2006 Annual Report: Planting Populations in Soybeans
Table 1 - 2006 Soybean planting population demonstration emergence rates
With the increasing cost of seed and the ever fluctuating market, producers are trying to reduce their inputs as much as possible to maximize their net profit. One such input that can be varied is the seed population at planting. This demonstration is designed to help producers make decisions on planting rates taking into account conditions in Northwest Missouri.
Methods and Materials
This demonstration consisted of plots 250-feet long each with 12 rows on 30-inch spacing. The seed was no-till planted on May 19, 2006 into corn stubble and harvested on November 7, 2006. The six different planting populations used were:
Table 2 - 2006 Soybean planting population demonstration yield data
- Plot #1 - 243,000 seeds/acre
- Plot #2 - 218,000 seeds/acre
- Plot #3 - 189,000 seeds/acre
- Plot #4 - 178,000 seeds/acre
- Plot #5 - 151,000 seeds/acre
- Plot #6 - 130,500 seeds/acre
All of the soybeans emerged at approximately the same time regardless of the planted population. Emergence varied from 94.0% to 95.5% as summarized in Table 1.
Figure 1 - Five-year emergence averages for the soybean planting population demonstration
Yields ranged from 50.5 to 54.9 bu/acre. The yield data is shown in Table 2. With an average of 53.2 bu/acre and a standard deviation of 1.7 bu/acre, there was no significant difference between the different planted populations.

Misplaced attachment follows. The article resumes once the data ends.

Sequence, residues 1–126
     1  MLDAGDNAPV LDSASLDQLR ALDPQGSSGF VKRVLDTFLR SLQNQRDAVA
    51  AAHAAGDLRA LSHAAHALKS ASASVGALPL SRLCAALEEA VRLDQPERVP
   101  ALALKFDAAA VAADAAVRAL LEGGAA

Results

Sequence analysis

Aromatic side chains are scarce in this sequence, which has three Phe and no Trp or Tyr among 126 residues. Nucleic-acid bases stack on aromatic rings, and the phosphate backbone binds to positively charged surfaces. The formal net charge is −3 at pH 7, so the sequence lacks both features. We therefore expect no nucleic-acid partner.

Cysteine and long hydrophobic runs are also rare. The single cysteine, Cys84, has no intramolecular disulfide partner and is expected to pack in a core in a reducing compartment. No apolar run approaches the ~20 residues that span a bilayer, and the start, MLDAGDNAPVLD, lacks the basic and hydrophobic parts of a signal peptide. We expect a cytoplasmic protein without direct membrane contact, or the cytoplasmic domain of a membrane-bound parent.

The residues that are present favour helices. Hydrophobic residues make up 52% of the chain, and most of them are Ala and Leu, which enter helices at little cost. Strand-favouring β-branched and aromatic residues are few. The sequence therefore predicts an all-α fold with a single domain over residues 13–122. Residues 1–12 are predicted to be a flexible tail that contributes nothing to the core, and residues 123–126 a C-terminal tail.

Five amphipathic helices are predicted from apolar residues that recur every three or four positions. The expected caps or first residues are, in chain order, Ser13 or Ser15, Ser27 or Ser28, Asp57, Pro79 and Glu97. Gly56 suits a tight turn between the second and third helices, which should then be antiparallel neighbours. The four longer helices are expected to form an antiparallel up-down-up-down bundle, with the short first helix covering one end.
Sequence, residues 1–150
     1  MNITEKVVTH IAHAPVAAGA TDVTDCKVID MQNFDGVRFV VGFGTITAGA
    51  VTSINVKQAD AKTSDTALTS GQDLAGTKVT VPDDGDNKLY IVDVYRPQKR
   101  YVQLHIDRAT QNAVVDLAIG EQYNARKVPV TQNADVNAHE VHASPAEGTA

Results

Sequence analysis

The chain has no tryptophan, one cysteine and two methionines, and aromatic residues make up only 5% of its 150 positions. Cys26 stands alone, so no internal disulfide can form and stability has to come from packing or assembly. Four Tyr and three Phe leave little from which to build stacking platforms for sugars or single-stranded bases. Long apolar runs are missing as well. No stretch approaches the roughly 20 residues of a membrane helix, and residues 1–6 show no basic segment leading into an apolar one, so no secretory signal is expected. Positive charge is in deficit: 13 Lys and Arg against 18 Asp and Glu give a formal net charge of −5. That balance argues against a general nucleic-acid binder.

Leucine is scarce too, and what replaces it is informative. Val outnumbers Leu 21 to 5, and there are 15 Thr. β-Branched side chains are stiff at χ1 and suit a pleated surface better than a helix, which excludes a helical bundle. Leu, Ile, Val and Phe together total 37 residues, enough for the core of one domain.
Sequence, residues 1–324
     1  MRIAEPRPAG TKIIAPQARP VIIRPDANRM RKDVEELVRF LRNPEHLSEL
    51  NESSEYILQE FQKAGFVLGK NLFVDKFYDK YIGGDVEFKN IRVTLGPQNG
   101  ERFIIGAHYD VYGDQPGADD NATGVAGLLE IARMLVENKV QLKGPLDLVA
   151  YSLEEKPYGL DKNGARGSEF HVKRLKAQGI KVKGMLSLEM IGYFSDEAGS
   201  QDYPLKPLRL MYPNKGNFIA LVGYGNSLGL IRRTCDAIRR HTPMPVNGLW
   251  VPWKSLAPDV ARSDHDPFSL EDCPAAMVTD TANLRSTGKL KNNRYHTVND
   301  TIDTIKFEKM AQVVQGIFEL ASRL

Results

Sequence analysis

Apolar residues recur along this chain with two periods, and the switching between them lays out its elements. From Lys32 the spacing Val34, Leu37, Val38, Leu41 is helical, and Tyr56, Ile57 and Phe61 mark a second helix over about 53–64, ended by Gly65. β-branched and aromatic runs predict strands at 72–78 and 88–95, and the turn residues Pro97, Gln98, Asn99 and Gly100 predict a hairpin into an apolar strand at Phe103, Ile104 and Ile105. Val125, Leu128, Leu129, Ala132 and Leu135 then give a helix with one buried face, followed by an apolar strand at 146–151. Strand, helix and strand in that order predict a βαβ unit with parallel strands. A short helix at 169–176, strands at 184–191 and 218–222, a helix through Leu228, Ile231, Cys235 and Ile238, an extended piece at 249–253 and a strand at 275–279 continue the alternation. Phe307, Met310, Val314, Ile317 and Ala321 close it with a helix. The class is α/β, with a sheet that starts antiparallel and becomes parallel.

This is the fifth year for this demonstration so we can draw some conclusions from the data that has been collected. Figure 1 shows the average emergence for each of the six planting populations over the past five years. The five year average is 94.7% with a 1.9% standard deviation.
Soybean Planting Population Emergence 5-Year Averages
Table 4 - Gross income per acre minus seed costs over a five year period
Previous research had suggested that planting approximately 180,000 seeds/acre would provide the best net return for seed planted. This demonstration has shown no significant yield increases beyond a planted population of 189,000 and supports the earlier research.
Table 3 - Five-year yield averages for the corn planting population demonstration
One of the goals of this project was to look at the relative cost savings that could be incurred by using the optimum planting population. Seed costs can vary tremendously.
The more traits you purchase, the higher the cost of the seed. For this comparison, we used $65 per unit for seed and 3000 seeds per pound. We also used $5.50 per bushel for the price of soybeans.
The results of this economic comparison are shown in Table 4. As the planting population rises past 151,000 seeds/acre, the yield gain is not sufficient to offset the increase in seed cost.
Figure 2 - Five year yield averages for the soybean planting population demonstration
Looking at the five-year results, one can make the case for the optimum planting population begin between 151,000 and 189,000. The 180,000 seeds/acre appears to be a good rule of thumb.
Individual hybrids as well as field conditions can also have an effect on these numbers. We would suggest varying the population on your farm to achieve the optimum population using this data as a starting point. You can also consult your seed representative for their recommendations based on the variety and the field conditions.